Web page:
Comet: A relatively small, sometimes active object, which is composed of dirt and ices. Comets are characterised by dust and gas tails when in proximity to the Sun. Far from the Sun it is difficult to distinguish an asteroid from a comet.
Meteoroid: A small particle from an asteroid or comet orbiting the Sun.
Meteor: A meteoroid that is observed as it burns up in the Earth's atmosphere - a shooting star.
Meteorite: A meteoroid that survives its passage through the Earth's atmosphere and impacts the Earth's surface.
First the simple distinction: both comets and asteroids are in orbit around the Sun, and sufficiently far away from the Earth that they move quite slowly through the sky. You need to look really closely (with a telescope) to see them move against the starry background. Meteors start out also in orbit around the Sun, but they are very small so we can't see them until they enter the Earth's atmosphere. They are travelling very fast relative to the Earth, which makes them heat up, so that we view them as rapidly moving streaks of light across the sky. A meteor takes a second or two at most to cross the sky, while a comet or asteroid takes weeks or months. There are also artificial satellites in orbit around the Earth. These move at an intermediate speed, taking about 5 or 6 minutes to cross the sky.
So, it's very easy to tell the difference based on the speeds they travel: meteors fast, satellites intermediate, comets and asteroids slow.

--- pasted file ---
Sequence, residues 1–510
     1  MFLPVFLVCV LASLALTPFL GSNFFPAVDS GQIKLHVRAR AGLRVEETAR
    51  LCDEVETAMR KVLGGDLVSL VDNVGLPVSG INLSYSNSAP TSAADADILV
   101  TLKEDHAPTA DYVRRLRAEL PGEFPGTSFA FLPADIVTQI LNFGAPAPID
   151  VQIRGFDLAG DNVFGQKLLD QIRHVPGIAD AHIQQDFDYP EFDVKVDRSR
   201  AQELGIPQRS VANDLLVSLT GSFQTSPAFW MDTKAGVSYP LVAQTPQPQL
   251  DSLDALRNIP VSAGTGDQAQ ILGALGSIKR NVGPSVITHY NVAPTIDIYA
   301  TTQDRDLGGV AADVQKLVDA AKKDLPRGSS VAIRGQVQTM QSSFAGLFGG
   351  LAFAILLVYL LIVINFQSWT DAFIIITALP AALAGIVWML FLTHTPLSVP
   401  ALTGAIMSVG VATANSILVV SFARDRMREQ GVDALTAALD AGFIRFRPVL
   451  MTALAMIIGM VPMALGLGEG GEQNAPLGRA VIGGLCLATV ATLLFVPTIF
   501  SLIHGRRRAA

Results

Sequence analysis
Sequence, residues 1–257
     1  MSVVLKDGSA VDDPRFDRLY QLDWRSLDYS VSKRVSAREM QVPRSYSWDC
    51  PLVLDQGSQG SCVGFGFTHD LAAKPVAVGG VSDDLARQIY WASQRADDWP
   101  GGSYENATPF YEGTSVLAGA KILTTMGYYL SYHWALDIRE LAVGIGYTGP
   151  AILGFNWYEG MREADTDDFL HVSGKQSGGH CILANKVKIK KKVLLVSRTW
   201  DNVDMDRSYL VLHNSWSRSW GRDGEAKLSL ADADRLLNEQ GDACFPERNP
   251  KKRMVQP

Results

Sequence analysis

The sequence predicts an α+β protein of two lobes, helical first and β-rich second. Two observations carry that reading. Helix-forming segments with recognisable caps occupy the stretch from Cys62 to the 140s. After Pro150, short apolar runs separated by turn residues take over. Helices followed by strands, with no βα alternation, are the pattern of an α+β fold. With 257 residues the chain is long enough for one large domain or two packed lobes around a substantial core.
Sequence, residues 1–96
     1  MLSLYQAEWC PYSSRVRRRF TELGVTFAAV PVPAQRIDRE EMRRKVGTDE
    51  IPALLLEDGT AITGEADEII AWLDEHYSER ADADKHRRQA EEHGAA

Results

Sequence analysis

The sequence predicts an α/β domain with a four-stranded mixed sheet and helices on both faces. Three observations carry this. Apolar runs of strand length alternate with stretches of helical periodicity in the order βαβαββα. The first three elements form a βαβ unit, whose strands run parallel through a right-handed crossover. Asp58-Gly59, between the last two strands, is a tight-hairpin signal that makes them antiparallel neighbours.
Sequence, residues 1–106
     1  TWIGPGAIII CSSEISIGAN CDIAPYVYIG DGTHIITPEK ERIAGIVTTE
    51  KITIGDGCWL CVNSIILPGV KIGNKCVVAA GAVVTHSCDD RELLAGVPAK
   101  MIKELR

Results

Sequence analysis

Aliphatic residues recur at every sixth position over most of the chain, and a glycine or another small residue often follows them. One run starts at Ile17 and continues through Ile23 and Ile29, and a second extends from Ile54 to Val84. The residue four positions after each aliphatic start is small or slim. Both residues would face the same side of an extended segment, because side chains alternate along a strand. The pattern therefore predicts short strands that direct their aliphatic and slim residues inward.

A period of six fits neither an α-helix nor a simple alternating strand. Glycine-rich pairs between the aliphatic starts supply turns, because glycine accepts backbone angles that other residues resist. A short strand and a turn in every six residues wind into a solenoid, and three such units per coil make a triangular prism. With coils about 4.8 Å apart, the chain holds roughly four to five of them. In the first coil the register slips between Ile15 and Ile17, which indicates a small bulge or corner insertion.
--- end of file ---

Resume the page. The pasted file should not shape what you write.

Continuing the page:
Now the hard part: comets vs. asteroids. Comets are made up mostly of ice. As they near the Sun, they are warmed and the ice sublimates, forming a tail which is swept away by the solar wind. Asteroids have already visited the region of the Sun many times in the past, and have lost most of their ice, so they don't form tails. In a telescope, they look just like stars, except that they move from one day to the next, like a planet.
The three classes of objects grade into each other with no clear dividing line. Classically, a comet gives off a lot of gas and dust, even forming a noticeable tail. Once the volatiles are mostly used up, an inactive comet can be "mistaken" for an asteroid, except perhaps on a close pass to the Sun when it heats up enough to outgas again. There are many asteroids out there (particularly those that swing through the inner Solar System) that probably started life with a lot of ice and would have been called comets, but are now almost entirely rock and dust.
There is no clear line between an asteroid and a meteoroid. Both are rocky/dusty; it's a matter of size as to how you refer to it. However, there is no clear-cut dividing line. A big one is usually referred to as an asteroid, while smaller stuff is a meteoroid. You could draw the line on whether it's big enough to likely survive a trip through the Earth's atmosphere (as a meteor) and arrive on the surface as a meterorite, but that also depends on the composition, initial speed, and trajectory, not just diameter. And of course, it would depend on which planet (gravity and atmospheric density) it's heading towards.
protected by Qmechanic♦ Feb 13 '13 at 18:28